Martin Cohen seems determined to reveal some dark hidden truth about the potential for profit in climate change, but this is to miss the point ("Profits of doom", 29 July).
Energy supply is a multibillion-pound business in the UK alone; the sector requires continual massive investment to ensure the security and reliability of supply, and those who invest need to see the potential for a return. Much of the policy to address climate change is about changing investor behaviour, so that solutions that were unprofitable but offer substantial additional benefits (for example, not contributing to massive ecological change) become more attractive. By incentivising increased uptake of less harmful technologies, they become cheaper, hopefully becoming the default investment option. Such changes will reduce damage to the environment, stimulate new employment and potentially mean cheaper energy in the long term (especially as fossil fuels become scarce and thus rise in cost). It would be a victory if we can get to the stage where money goes to renewable sources.
The article reads as if Cohen is trying to pull back the curtain to reveal some dark inner workings to climate change. But since all the evidence suggests that climate change is happening, there is a clear need to better understand its impact (including economically) and address it as best we can. This means starting from the economic framework we have, which is based on the profit motive.
It is not clear whether Cohen is claiming that climate change is not a problem, that it is a problem but one we should not attempt to address, or whether he thinks all the proposed solutions should be rejected for being rooted in profitability. Whichever it is, it is difficult to gel any of these positions with the reality of current science or our existing society.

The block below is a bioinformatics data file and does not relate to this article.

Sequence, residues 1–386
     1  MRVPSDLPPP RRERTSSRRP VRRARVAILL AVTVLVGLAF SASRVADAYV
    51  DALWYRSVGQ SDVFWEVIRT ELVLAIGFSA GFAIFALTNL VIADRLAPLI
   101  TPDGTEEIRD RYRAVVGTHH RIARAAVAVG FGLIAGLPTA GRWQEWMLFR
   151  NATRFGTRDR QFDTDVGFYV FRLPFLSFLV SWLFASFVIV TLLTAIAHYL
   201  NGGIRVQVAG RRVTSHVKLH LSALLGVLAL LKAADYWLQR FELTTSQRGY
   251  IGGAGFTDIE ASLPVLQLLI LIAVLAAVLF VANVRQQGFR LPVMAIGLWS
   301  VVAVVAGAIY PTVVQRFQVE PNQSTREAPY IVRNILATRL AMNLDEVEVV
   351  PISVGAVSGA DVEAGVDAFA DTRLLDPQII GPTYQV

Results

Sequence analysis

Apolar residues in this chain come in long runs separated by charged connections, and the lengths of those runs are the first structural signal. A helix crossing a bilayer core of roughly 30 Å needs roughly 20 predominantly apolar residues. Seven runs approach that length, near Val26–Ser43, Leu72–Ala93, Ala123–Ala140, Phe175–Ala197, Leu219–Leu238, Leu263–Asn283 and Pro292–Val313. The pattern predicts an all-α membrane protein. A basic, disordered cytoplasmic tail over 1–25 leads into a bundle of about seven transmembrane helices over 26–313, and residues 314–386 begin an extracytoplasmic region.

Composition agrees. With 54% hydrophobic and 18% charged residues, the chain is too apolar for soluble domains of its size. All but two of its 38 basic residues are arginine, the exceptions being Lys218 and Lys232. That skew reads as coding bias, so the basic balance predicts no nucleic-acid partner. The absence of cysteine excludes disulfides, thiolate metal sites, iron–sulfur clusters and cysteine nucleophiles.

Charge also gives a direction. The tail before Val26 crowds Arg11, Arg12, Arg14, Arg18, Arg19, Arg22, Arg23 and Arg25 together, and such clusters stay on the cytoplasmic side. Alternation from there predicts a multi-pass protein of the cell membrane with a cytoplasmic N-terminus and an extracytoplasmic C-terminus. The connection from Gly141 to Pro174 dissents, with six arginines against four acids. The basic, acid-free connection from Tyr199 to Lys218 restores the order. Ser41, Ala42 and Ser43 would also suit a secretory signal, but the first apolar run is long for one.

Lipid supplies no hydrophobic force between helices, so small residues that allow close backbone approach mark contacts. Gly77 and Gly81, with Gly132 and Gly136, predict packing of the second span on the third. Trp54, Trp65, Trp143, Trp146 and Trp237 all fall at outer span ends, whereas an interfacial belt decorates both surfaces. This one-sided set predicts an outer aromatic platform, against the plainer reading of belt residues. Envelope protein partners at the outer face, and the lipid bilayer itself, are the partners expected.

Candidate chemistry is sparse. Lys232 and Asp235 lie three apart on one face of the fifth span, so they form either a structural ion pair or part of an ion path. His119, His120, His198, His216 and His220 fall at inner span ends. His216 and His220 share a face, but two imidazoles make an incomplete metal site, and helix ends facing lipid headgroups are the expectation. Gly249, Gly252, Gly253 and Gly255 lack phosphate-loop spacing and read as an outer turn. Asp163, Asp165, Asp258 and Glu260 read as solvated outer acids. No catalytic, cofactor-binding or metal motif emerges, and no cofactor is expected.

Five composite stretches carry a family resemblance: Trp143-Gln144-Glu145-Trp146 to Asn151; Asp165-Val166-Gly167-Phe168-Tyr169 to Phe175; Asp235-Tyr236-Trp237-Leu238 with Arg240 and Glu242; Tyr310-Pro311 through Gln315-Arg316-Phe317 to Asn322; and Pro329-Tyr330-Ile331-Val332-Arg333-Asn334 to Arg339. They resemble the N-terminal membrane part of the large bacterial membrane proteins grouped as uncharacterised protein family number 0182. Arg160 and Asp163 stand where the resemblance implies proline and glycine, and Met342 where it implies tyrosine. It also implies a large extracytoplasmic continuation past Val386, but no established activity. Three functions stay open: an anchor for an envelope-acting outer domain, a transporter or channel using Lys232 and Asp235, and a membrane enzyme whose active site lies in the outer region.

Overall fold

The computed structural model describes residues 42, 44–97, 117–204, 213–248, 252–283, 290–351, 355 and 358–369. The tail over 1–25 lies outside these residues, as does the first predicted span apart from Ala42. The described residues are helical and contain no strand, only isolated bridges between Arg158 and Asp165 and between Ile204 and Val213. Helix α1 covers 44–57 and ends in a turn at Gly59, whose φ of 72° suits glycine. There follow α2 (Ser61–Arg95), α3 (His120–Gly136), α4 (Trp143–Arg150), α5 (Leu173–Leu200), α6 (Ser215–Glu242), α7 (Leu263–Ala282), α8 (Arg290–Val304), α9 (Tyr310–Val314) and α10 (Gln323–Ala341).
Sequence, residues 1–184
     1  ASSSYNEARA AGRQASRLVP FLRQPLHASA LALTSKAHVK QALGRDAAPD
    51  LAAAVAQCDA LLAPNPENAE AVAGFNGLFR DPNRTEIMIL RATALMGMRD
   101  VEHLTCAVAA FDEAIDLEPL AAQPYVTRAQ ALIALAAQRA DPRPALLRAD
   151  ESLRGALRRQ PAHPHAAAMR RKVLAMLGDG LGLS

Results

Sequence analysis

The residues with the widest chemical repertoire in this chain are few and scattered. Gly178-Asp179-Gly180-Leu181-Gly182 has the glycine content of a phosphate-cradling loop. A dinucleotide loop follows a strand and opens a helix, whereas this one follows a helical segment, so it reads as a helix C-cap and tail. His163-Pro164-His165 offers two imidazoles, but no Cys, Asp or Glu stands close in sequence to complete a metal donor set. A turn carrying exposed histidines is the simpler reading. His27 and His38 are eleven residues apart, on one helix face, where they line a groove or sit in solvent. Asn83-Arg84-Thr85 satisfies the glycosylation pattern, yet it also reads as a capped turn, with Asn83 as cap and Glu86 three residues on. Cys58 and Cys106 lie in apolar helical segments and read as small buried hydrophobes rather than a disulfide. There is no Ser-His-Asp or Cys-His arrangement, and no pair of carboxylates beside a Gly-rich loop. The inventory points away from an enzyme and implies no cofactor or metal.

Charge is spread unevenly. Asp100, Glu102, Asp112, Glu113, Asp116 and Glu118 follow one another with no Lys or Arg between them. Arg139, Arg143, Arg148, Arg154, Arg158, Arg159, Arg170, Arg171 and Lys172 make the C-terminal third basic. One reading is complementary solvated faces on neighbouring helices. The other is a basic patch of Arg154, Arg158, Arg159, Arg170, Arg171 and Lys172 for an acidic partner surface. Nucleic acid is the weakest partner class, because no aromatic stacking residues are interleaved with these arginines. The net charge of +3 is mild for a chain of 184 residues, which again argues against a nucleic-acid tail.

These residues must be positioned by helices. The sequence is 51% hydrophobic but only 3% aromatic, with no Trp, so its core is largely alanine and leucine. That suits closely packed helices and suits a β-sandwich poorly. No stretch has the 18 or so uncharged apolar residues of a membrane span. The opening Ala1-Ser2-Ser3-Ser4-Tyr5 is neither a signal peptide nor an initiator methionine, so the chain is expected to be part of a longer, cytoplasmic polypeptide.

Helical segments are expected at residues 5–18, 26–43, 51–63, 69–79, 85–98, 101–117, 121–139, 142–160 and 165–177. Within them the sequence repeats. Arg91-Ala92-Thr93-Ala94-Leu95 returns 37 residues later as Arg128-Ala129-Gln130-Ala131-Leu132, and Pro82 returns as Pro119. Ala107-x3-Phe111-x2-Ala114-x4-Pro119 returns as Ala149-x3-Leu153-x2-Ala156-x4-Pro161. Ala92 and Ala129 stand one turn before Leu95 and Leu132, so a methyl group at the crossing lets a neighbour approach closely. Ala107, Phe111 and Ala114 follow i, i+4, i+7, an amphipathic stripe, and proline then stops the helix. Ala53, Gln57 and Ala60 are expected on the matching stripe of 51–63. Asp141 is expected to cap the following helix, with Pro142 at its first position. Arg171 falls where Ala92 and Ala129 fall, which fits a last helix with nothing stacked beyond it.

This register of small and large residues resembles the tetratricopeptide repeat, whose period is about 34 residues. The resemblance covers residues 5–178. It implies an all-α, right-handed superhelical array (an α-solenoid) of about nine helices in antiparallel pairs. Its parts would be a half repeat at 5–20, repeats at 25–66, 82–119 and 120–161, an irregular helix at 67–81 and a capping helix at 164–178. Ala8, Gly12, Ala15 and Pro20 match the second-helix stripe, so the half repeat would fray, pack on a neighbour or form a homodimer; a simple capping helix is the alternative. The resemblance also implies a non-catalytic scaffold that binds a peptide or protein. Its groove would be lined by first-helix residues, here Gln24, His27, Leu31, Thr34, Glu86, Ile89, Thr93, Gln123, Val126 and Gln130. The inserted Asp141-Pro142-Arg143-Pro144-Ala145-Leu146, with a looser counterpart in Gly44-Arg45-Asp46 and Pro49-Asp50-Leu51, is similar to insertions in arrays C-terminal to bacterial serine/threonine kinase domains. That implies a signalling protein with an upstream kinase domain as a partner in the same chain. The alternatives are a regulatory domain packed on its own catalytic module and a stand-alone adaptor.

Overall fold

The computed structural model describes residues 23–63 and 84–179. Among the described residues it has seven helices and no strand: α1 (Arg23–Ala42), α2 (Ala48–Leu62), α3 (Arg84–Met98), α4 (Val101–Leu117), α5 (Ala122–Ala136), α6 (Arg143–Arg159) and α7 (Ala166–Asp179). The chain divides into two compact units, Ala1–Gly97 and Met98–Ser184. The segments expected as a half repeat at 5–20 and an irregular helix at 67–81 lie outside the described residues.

To address some errors in the text: Denmark's energy is expensive, but is this to cover the costs of renewable energy? Partially, but since the 1990s the country has had a policy of shifting to carbon and environmental taxation, so the differential reflects a society trying to stimulate internal change to address a recognised problem.
Why are photovoltaic cells made in poor countries? That's an odd way to describe Germany, Japan and the US, three nations that have battled to be at the forefront of solar-cell manufacture for the past two to three decades. China is rapidly building its manufacturing capacity in this area, largely for the same reasons as the pioneers: it is a high-tech industry offering high-tech jobs and the potential for significant export income. Why? There's an obvious perception that there is money to be made as global demand increases. By investing now, China, along with its Western competitors, sees huge potential for the future.
Peter Connor, Senior lecturer in renewable energy policy, University of Exeter.